Childish Gambino, recording name of Donald Glover, is nominated for Album of the Year and Record of the Year.Charles Sykes / AP

When the sound of popular music shifts, it takes a while for the supposed scorekeepers of popular music to notice. In 1991, Nielsen and Billboard switched to new, more statistically rigorous methods to measure sales and spins (rather than trusting radio stations and record stores to self-report) and suddenly, hip-hop began landing No. 1 albums. Something similar is happening now. The counting institutions have more fully weighed streaming services, and hip-hop and R&B have revealed fresh dominance: leapfrogging rock as the most popular genre in America, landing Hot 100 smashes with new regularity.

The Grammys are enacting their version of this story, following popular tastes in a lagging, stutter-step manner. In the past few years, critics and artists grumbled that something was amiss at the Recording Academy. Trend-making and acclaimed works largely made by artists of color were repeatedly passed over for white singers performing old routines: the gown-wearing balladeer, the sad guy with the guitar, the folkie troupe. Kanye West and Questlove complained, but so did Grammy shoo-ins like Adele and Macklemore. The Recording Academy’s reps tended to reply by saying the rules were the rules when it came to determining the winners. Finally, though, it changed the rules.

Ahead of the 2018 ceremony—airing at 8 p.m. on CBS this Sunday—Recording Academy members (around 14,000 musicians and industry types) could for the first time submit their ballots online rather than in the mail. Expand voting accessibility, the thought goes, and you expand who participates in ways that favor the new. “When I met younger voters and talked about the ballots going out in the U.S. mail, I got eye-rolls and sighs,” Bill Freimuth, the Recording Academy’s senior vice president of awards, told Billboard after announcing the change, which was accompanied by a few other rules tweaks (most notable among them that a committee of experts now ratifies the nominations in rap, contemporary instrumental, and New Age).

Whether or not internet democracy is responsible, the nominations for Sunday’s show in the “big four” general categories present a striking contrast from previous years. In Record of the Year and Song of the Year, none of the primary creators are white (some listeners may not realize that Julia Michaels, nominated for “Issues” in the Song category, is of Mexican-Puerto Rican descent). Only one white artist is represented in Album of the Year (Lorde) and in Best New Artist (Alessia Cara). Though the Grammys will forever be open to accusations of out-of-touchness, tastemakers aren’t griping too much about the grand snub this year—of Ed Sheeran—when there’s recognition for the biggest Spanish-language smash in U.S. history (Luis Fonsi and Daddy Yankee’s “Despacito”) as well as young visionaries like the rapper Kendrick Lamar and Donald Glover’s funky Childish Gambino.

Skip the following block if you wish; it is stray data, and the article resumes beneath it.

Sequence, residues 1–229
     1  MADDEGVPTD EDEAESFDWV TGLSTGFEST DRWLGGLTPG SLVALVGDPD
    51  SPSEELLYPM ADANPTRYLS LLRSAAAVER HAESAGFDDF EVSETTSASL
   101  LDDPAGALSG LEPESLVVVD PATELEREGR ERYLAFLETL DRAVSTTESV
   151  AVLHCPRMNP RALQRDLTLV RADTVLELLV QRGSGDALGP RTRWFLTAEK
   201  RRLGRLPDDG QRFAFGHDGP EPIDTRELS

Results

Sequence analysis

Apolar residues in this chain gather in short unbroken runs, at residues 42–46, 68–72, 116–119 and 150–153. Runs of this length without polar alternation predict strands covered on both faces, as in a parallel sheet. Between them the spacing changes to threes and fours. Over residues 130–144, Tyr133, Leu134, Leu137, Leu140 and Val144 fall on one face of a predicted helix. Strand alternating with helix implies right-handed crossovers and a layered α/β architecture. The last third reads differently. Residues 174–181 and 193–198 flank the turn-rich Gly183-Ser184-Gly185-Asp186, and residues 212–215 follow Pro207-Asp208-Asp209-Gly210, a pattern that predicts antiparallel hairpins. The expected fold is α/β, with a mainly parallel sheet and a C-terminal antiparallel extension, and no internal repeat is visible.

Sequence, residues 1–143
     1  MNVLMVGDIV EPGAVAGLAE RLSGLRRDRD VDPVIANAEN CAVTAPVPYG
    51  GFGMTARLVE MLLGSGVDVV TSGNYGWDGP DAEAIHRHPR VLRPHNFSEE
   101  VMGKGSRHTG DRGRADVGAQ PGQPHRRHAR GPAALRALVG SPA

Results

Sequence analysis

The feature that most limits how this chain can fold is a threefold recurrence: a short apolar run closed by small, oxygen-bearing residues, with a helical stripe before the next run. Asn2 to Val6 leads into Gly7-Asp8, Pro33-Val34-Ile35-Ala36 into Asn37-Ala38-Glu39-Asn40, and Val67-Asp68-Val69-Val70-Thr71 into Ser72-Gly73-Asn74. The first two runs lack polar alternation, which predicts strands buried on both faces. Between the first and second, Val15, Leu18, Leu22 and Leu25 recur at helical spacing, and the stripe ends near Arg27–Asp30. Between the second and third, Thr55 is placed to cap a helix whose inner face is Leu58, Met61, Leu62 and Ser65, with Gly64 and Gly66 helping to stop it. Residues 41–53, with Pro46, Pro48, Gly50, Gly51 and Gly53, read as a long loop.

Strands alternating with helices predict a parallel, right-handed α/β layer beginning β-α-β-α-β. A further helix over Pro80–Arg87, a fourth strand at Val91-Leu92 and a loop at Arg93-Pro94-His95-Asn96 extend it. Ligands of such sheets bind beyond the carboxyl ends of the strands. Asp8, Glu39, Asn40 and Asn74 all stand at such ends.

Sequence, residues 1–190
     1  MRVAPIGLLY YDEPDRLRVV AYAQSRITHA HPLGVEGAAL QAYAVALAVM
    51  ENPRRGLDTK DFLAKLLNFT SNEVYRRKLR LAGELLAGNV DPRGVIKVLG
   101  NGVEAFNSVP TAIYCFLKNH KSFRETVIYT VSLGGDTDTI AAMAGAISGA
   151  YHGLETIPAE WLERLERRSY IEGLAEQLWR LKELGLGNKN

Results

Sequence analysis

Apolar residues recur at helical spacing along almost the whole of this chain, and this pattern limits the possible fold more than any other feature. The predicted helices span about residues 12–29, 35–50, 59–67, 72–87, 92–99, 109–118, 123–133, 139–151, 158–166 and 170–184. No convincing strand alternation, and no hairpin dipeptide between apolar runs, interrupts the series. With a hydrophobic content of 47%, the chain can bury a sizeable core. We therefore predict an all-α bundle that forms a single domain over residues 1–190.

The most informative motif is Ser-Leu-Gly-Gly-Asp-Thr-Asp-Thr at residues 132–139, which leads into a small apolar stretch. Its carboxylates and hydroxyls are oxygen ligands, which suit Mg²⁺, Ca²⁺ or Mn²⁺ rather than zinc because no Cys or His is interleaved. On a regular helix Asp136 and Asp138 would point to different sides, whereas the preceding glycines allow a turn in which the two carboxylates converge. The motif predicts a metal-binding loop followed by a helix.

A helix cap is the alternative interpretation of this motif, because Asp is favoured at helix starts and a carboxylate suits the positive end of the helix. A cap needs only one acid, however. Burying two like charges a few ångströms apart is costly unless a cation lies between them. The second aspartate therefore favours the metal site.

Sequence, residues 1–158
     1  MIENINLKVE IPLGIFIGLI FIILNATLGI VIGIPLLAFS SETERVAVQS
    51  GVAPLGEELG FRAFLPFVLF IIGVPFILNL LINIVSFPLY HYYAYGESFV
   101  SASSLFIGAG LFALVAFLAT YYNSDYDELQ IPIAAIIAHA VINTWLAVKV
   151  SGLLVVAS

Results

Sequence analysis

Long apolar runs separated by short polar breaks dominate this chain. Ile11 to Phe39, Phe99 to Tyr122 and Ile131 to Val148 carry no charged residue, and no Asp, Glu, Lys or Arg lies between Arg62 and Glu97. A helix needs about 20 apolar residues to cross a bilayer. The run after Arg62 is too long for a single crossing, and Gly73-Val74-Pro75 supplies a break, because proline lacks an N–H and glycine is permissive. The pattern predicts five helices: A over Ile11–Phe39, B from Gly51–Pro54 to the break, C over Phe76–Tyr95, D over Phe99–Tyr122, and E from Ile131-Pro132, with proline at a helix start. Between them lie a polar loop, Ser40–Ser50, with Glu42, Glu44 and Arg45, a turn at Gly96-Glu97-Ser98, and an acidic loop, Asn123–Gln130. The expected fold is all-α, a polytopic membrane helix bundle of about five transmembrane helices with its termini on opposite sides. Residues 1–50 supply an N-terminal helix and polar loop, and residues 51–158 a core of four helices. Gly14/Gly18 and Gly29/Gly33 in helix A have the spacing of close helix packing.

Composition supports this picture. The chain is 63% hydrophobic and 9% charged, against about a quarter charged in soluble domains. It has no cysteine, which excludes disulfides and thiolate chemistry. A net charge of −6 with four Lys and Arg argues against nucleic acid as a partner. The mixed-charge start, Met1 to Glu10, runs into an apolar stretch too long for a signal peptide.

Hence there’s big potential for history-making wins. If “Despacito” prevails in either Song or Record of the Year categories, it will be the first primarily non-English-language hit to do so since the very first Grammys 60 years ago (when Domenico Modugno’s “Nel Blu Dipinto Di Blu (Volare)” took both categories). If anything but Lorde’s Melodrama earns Album of the Year, it will mark the first collection of original songs by a nonwhite artist to do since Outkast’s win in 2004 (Ray Charles’s posthumous standards album won in 2005 and Herbie Hancock’s Joni Mitchell covers set did in 2008).

It may seem reductive to talk about such potential milestones simply in terms of race, but the truth is that identity overlaps with genre in many cases. A rap song has never won Record of the Year or Song of the Year. But Kendrick Lamar’s innovative No. 1 hit, “Humble,” or Jay-Z’s wry take on black progress, “The Story of O.J.,” could take Record. Jay-Z’s mournful “4:44” or Logic’s anti-suicide sensation “1-800-273-8255” could win Song. (In both categories, the affable crooner Bruno Mars, a longtime Grammys favorite, could be the spoiler.)

The night’s performances will partly reflect the hip-hop and R&B wave, too. Lamar and Logic are separately slated to rap; watch those spots for potential political statements, though Lamar recently declined to troll Donald Trump at an NCAA halftime show and Logic performed his big PSA at MTV’s Video Music Awards last year. “Despacito” will have its moment in the Grammy spotlight—and without Justin Bieber. Soulful experimenters like Childish Gambino and the magnetic Best New Artist nominee SZA will get airtime. And if Bruno Mars is plenty familiar at awards shows by now, at least now he will be bringing the thrilling new hit rapper Cardi B.

The ceremony, hosted by James Corden, will also of course still pay fealty to legacy artists and its traditionally favored genres. Elton John, on the cusp of his final concert tour, will duet with Miley Cyrus. Pink may or may not dangle from the ceiling; U2 may or may not sing through a bullhorn in the one big rock show on the docket. Brothers Osborne, Maren Morris, and Eric Church will sing a tribute to the victims of the Route 91 Harvest festival killings, and country mainstays Little Big Town will also take the stage. And in perhaps the greatest sign that what is fresh eventually becomes standard, and that however much some things change other things stay the same, Lady Gaga will perform for her sixth Grammys spot ever, and for her fourth one in a row.

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